Nonprofit boards and effective governance
Questions every board member should ask about processes and procedures
Directors and trustees of nonprofit organizations are often unclear about the scope of their responsibilities and the questions they should be asking in meeting them.
Here are 10 basic questions related to effective nonprofit governance. If a trustee or director of a nonprofit answers "no" to three or more of these questions, then it may be advisable for the board to revisit its governance processes and procedures:
1. Is the board setting the direction for the organization? A charitable organization's governing board is vested with the overarching responsibility to ensure that the organization is fulfilling its mission in a prudent and responsible manner. While boards must rely on executive management, they nonetheless retain the ultimate responsibility and authority to actively set the direction for the organization.
Board governance is fundamentally about leadership. A board that is not leading is not meeting the full scope of its responsibilities.
2. Is mission fulfillment a standing item on the board's agenda? The fundamental purpose of any charitable organization is the fulfillment of its charitable mission. This is inherently important work that should invoke feelings of pride and emotion for the organization's leadership. While attention to matters of financial management is critical, governing boards need to also stay closely connected to mission fulfillment. A well-functioning nonprofit board should not allow its meetings to become mundane and uninspired.
3. Is the board regularly evaluating community need? At its core, a charitable organization exists to serve important and virtuous public needs. Any successful organization needs to adapt to the rapidly-changing world around it. A charitable organization's governing board should systematically review community need and adjust its strategy where necessary to ensure that community need is being met in a manner consistent with mission.
4. Is the board informed on its legal obligations? From avoidance of conflicts of interest to executive compensation and regulatory compliance, governing boards are charged with understanding the major legal issues facing their organization and ensuring that systems are in place to maintain compliance with all legal obligations.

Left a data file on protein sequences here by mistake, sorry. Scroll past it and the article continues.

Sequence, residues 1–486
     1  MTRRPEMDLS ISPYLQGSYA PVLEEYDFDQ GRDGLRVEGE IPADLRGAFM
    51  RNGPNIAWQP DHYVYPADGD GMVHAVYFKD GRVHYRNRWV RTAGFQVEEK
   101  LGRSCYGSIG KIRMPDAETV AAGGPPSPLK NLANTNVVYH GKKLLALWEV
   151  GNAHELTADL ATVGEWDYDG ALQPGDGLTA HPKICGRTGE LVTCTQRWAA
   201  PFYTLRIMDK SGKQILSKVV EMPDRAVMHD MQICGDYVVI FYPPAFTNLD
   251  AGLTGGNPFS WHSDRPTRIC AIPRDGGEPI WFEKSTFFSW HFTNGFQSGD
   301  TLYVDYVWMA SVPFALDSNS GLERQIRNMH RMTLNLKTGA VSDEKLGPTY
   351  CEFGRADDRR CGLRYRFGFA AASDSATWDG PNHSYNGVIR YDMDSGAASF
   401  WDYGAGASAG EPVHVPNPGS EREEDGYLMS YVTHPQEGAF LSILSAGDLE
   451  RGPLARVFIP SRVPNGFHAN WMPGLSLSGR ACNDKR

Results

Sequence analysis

5. Do meetings allow for robust discussion and dissent? The challenges that charitable organizations face -- particularly in these unprecedented times - are complex and difficult. To meet their full potential, organizations need to leverage the full depth of talent of their governing boards. Robust discussion, debate and, in some instances, dissent, are constructive and necessary. Effective boards encourage such debate in a spirit of compromise and respect for opposing views.
6. Is there a strategic plan that the board truly understands? In today's environment, a charitable organization cannot simply exist. It needs a proactive and verifiable plan to fulfill its mission, meet community need, and remain financially sound. A governing board needs to understand the plan, as it will drive critical decisions.
Further, the board needs to regularly monitor - preferably using objectively verifiable data - the effectiveness of the plan in meeting mission and addressing community need.
7. Does the board seek out disconfirming information? High-functioning leadership teams seek out disconfirming information and alternative viewpoints in order to ensure that important decisions have been fully vetted and all alternatives fully considered. This is necessary to avoid situations where predetermined outcomes are funneled through board process. This may involve inviting the viewpoints of key stakeholders from outside the organization to ensure that the board is fully informed about all facets of an important issue.
8. Does the board truly understand the organization's financial condition? Although virtually all organizations have a financial reporting function, governing boards of charitable organizations in distress often realize the depth of the problem only after it is too late to "right the ship." All trustees and directors must, at a minimum, approve a realistic and responsible annual budget, understand the key drivers of financial success and the primary risks of failure and regularly monitor performance as compared to budget.
A trustee who is in the dark on the organization's financial condition is not meeting his or her responsibility.
9. Is the board functioning with transparency and integrity? While most charitable organizations are private organizations, they are nonetheless accountable to the public. As a result, their governing boards should make decisions in the spirit of openness and transparency -- with eyes focused on public accountability -- and on the assumption that their actions may, at any time, become exposed to public scrutiny.
10. Has the organization lost its charitable "feel"? There is no precise definition of what is or is not "charitable." The question involves a mix of all of the issues identified above including, staying connected with community, functioning with openness and integrity, and responsibly using and protecting charitable resources. If a nonprofit director or trustee is concerned that an organization no longer feels charitable, even though they may not be able to identify precisely why, then the organization has a problem that needs to be addressed.
All nonprofit organizations need a governing board that is fully engaged in and supportive of the mission and direction of the organization.
Donald Crandlemire, a shareholder and director with the law firm of Shaheen & Gordon, can be reached at 603-225-7262 or DCrandlemire@ShaheenGordon.com.